Monday, May 12, 2014

Hot Docs 2014 Film Review - The Actress

Brandy Burre had a significant recurring role on The Wire she was cast to play Theresa D'Agostino the campaign manager for the central character for season four of the show. Her role, scenes and lines continued to increase as the episodes progressed. The writers even began to hint at a romantic storyline between her character and mayoral candidate Thomas Carcetti. Then Brandy found out she was pregnant, left the show and acting to move to upstate to Beacon New York to have her child and then a second with her partner.

As the story begins Brandy is doing mundane tasks for her two children Henry and Stella. She dresses them in winter clothes, does the groceries and minds the house while her partner Tim runs the family restaurant often returning at all hours of the morning. Tim takes the kids to his parents in California for Stella's 4th birthday.  While along back in Beacon Brandy meets up with her former circle of acting friends word of the outing gets back to Tim and the theme of the piece shifts to the deconstruction of a relationship tracing back to where it started and working through all the details of separation which are particularly painful as there are kids are involved.

Director Robert Green presents a melancholy narrative centered on a woman who made voluntary some choices that severely effected her professional career and personal life. The camera holds Burre straight on as she tearfully recounts the history of her relationship after the discovery. Burre points to one incident that appeared minor at the time that as the seed that started the split. After break up the camera often catches Burre with glass of wine in hand as she tells her story. Greene also presents a sequence where the camera follows our heroine into the shower where she demonstrates motion and hand movements over her head. The scene shifts to our lead walking around her house accepting a hanger from her daughter and continuing down the hall repeating the same hand motions with the hanger over her head.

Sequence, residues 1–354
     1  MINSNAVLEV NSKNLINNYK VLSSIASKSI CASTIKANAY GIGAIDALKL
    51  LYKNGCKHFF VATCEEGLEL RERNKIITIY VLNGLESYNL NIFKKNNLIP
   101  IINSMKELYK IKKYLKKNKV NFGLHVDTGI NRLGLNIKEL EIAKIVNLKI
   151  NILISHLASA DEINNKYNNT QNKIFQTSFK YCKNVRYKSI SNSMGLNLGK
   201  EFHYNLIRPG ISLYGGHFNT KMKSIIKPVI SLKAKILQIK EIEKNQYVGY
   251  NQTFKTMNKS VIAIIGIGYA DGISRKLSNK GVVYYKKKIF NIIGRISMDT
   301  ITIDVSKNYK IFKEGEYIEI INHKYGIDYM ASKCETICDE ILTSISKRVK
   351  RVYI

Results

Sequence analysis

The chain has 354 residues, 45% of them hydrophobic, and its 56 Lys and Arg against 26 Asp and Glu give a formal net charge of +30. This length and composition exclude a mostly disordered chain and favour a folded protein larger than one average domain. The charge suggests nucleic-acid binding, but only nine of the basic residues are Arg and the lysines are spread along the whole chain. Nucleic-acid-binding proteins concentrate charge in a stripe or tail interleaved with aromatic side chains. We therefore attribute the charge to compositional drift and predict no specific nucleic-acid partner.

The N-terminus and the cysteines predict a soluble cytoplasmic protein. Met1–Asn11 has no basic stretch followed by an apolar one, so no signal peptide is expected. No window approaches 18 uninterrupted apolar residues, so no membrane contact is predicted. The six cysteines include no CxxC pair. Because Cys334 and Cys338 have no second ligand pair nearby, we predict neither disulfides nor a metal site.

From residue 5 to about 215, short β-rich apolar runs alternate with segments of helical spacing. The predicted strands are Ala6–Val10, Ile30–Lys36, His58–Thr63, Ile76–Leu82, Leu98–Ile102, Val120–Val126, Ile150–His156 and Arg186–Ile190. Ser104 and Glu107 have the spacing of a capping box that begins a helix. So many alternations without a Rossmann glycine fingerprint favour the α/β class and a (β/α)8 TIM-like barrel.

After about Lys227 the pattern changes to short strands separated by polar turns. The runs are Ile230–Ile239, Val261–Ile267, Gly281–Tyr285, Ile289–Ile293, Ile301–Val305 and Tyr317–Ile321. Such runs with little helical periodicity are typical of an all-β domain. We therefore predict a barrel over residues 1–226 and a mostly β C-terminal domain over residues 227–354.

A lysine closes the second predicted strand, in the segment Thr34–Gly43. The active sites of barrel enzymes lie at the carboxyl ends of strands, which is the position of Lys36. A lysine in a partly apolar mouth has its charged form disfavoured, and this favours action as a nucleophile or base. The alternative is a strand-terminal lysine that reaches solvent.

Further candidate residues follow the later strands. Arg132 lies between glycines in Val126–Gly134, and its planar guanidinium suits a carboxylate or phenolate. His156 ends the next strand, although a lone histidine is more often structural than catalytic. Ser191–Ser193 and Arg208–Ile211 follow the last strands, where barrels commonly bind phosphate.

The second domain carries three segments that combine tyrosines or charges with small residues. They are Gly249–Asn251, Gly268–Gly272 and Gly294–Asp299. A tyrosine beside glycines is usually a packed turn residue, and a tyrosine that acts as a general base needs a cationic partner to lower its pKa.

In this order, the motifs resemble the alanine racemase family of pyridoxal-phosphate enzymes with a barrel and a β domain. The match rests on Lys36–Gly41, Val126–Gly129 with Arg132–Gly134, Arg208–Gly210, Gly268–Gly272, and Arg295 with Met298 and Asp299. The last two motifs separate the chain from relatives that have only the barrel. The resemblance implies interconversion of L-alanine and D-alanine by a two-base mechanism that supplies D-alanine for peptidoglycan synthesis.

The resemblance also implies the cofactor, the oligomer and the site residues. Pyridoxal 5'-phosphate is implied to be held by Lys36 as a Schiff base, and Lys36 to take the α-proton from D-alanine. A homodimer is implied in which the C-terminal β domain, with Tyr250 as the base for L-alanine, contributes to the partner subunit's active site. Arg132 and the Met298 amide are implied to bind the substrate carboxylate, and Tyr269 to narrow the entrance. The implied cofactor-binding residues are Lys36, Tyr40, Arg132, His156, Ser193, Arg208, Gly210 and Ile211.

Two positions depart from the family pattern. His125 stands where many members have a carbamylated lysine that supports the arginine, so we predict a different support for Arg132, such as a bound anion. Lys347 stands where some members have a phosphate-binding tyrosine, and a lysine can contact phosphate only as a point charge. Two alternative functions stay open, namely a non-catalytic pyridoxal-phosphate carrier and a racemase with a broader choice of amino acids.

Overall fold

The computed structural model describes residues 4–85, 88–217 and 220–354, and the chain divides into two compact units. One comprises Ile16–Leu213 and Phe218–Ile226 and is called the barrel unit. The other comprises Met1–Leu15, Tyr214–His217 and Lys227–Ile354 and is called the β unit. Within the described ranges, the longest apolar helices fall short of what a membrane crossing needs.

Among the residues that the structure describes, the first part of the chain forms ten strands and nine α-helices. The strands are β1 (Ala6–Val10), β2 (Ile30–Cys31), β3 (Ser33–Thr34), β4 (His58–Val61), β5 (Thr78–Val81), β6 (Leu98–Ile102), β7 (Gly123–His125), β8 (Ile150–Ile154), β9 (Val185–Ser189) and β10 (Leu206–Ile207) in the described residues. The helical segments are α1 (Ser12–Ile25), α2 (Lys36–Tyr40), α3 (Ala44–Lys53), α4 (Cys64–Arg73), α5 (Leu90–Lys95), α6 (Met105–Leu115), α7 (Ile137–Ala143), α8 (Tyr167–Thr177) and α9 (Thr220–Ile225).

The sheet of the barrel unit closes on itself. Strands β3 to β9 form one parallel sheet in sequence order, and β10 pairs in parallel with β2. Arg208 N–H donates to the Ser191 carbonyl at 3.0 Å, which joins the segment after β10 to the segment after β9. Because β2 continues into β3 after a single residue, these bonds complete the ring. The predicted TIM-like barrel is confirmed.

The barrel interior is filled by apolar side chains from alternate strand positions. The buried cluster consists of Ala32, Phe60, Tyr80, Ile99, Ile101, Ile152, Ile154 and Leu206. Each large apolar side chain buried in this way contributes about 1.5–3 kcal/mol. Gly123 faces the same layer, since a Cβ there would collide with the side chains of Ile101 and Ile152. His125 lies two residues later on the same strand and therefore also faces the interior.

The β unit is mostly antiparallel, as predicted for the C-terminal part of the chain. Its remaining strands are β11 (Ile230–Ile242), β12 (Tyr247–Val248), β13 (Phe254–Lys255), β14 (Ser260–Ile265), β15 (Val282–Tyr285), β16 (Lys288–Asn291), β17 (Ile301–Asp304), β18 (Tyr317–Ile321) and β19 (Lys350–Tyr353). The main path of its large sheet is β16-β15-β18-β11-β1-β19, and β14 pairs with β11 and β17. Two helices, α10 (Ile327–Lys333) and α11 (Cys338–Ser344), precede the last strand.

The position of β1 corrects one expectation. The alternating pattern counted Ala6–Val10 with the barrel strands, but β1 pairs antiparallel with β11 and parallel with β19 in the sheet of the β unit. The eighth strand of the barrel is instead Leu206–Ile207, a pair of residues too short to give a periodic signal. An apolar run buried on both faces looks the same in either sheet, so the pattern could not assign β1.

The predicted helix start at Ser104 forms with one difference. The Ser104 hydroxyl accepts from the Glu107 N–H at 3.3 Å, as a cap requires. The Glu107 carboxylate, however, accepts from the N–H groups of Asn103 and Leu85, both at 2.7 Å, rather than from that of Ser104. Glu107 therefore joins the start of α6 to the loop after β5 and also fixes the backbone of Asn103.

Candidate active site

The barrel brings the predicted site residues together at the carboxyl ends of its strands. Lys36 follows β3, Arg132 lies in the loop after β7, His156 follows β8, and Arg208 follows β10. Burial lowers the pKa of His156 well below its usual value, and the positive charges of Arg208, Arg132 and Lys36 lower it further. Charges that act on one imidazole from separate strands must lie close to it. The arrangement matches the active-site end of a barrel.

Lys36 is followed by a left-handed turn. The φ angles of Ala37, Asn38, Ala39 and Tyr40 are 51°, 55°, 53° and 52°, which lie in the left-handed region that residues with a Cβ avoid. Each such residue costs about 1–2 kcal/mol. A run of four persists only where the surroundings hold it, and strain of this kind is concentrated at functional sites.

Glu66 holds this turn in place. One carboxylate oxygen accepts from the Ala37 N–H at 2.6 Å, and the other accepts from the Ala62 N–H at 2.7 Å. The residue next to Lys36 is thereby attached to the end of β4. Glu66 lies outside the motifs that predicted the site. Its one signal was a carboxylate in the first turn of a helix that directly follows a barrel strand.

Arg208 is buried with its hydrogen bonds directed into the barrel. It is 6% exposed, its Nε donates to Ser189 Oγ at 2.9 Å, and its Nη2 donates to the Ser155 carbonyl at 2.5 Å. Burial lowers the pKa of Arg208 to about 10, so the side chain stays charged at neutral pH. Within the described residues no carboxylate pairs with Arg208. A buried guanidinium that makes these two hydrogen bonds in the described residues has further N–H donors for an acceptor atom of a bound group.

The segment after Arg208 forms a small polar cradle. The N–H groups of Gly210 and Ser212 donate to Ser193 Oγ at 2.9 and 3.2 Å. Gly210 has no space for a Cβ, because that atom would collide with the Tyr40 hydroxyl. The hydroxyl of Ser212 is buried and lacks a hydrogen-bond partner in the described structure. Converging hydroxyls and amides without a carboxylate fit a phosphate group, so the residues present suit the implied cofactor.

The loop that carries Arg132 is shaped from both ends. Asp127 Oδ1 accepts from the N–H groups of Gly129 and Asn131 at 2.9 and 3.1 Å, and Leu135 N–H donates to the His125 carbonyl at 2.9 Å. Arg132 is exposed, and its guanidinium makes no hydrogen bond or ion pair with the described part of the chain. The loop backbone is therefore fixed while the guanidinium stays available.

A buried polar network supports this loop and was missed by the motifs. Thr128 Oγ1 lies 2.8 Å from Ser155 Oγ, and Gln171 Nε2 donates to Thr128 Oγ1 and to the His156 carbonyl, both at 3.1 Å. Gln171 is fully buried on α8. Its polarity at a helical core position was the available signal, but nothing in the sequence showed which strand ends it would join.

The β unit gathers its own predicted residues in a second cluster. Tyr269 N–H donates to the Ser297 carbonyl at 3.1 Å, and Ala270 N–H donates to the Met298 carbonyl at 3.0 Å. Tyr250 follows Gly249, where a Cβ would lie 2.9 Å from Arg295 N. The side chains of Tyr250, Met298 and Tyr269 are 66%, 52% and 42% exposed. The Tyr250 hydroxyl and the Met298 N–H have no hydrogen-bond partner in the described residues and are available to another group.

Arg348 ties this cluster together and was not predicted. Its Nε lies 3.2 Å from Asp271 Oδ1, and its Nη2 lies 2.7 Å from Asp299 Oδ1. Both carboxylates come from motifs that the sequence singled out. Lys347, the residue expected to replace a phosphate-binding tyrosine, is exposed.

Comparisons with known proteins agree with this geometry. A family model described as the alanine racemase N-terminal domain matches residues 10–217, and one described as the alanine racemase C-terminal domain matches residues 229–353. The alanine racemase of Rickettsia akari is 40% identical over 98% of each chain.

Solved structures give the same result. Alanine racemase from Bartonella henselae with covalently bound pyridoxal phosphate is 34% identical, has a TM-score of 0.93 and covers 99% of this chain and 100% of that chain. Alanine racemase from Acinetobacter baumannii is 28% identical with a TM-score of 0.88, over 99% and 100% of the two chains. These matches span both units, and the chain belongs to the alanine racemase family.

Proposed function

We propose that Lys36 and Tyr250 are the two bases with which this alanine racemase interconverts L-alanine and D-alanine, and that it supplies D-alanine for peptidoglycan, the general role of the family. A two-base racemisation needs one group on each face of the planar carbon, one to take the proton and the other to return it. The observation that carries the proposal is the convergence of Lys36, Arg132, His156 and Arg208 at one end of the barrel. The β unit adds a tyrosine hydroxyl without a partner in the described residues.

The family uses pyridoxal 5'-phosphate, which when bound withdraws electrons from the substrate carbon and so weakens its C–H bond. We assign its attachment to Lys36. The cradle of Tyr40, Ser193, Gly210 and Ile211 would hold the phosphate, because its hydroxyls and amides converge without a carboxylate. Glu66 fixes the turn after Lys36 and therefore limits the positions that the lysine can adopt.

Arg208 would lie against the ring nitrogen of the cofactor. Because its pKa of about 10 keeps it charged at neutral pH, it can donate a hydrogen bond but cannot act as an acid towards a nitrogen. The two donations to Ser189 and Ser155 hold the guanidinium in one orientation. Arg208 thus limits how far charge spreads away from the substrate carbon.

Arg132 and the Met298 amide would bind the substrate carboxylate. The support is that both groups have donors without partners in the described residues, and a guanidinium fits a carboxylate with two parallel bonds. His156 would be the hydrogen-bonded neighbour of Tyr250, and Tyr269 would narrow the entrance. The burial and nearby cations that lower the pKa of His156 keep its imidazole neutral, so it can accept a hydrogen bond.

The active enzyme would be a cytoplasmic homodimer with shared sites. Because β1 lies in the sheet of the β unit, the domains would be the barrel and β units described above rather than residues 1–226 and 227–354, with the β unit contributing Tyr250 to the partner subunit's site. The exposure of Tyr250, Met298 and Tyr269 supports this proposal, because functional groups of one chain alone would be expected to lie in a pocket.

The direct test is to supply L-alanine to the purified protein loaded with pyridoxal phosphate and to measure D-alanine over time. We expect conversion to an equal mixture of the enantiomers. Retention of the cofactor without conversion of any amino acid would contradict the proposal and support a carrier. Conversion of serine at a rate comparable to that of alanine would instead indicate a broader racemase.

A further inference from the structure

An underdeveloped part of the documentary is Burre's attempt to get back into acting. We see one in person outdoor meeting with an agent plus a few searches of potential roles on a lab top that are clearly not for her.  the production could have used a larger focus on Burre's the hunt for a role or a deeper exploration digging into female actress nearing 40 are considered washed up while the male equivalent is playing comic book hero roles.

The Actress has some good passages but looses its focus partway through the film. It turns into a relationship tale featuring a woman who is just plainly not likeable. Director Green could have jumped on some other elements which could have made a better production but did not do so. It is not a film that I can recommend.

** out of 4

The Actress| Robert Greene|  U.S.A.| 2014| 86 Minutes.

Tags: Mother, Suburbs, The Wire, Dishonesty, Separation, Sexism, Choices, Consequences.

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